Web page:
We also see it to a lesser degree with the Macs. In earlier times, Apple would deliberately cripple its low-end computers so as not to compete with the more expensive models. However, recently, we've seen Macbooks that are nearly as good as the more expensive Macbook Pros, just without the fancy aluminum case. Sure, there are some spec differences, but it's not like the Macbooks are being hobbled out of fear of cannibalism like they were in the past.

  • by UnknowingFool (672806) on Monday January 04, 2010 @03:36PM (#30644750)
    The author of the article has a hard time believing that Apple ordered 10 million tablets this year. While his logic is sound regarding the numbers, the author isn't quoting Apple. The author's source for this rumor is an ex-Google employee. And this employee is not saying Apple "ordered" 10 million only that Apple "plans to produce" 10 million. There's a huge difference between the two. Like any company building a new product, Apple has ordered X amount while letting their suppliers know that they may want up to Y amount. If the product sells well, Apple will increase their order. If it doesn't Apple will not. Also the Y amount may be an unreachable goal. Sometimes when negotiating contracts, some suppliers are not interested unless you are ordering a large amount. Everyone knows that goal isn't likely but it makes everything look good.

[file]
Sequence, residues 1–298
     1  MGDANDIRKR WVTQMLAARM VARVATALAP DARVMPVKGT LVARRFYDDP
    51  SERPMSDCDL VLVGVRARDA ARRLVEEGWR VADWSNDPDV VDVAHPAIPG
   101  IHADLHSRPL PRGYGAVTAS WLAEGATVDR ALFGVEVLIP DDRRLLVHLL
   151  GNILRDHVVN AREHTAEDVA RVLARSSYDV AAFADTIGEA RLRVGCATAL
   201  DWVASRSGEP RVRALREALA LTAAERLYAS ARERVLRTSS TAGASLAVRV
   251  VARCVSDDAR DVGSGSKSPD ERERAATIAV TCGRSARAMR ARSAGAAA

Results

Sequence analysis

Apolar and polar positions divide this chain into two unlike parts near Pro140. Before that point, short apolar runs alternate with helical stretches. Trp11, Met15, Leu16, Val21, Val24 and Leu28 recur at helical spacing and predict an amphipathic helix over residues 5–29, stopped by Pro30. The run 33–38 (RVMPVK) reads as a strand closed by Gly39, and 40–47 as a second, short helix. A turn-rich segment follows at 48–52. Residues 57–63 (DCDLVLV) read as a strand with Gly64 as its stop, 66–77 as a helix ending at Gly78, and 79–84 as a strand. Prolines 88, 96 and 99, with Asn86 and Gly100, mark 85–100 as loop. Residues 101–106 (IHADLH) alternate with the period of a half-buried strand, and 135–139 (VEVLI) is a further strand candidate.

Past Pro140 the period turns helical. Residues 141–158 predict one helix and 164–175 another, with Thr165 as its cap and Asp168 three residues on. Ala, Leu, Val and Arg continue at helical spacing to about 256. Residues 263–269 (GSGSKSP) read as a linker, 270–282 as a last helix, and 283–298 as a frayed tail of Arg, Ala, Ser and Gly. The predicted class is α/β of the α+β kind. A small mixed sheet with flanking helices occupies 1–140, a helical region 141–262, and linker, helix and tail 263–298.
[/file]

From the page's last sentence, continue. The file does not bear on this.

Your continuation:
• Let's just hope the iSlate is a lot easier to clean then our current keyboard are... uh, cause I tend to spill things on my keyboard... uh, like soda! Yeah, that's the ticket, soda! It has nothing to do with using the computer to view porn, honest!
    • by dan828 (753380)
      I don't know if you've noticed, but that stuff leaves streaks if you don't clean it right away.
  • If Apple gets the tablet right and it sees high demand for the product, I don't see 10 million being an unreachable goal. The iPhone has a significant impediment to sales that a regular computer doesn't have, you have to sign up for a 2 year phone contract that costs over $2000.
  • ONE INFINITE LOOP, Here We Go Again, Sunday (NNGadget) — Apple is reportedly close to launching its long-rumored ____. It could be Apple’s latest billion-dollar jackpot.

    Analyst speculation says the ___ will be launched in September and be in the shops by Christmas. A new mention of the ___ crops up on Twitter around every eight minutes.

    The ___ is rumoured to be any size and scale between the iPod Shuffle and the Macintosh IIfx. Some have described the ___ as a “___-killer.” Analyst speculation suggests the ___ will use a fantastic new interface. “It will be a whole new paradigm,” said Apple blogger Leander Kahney.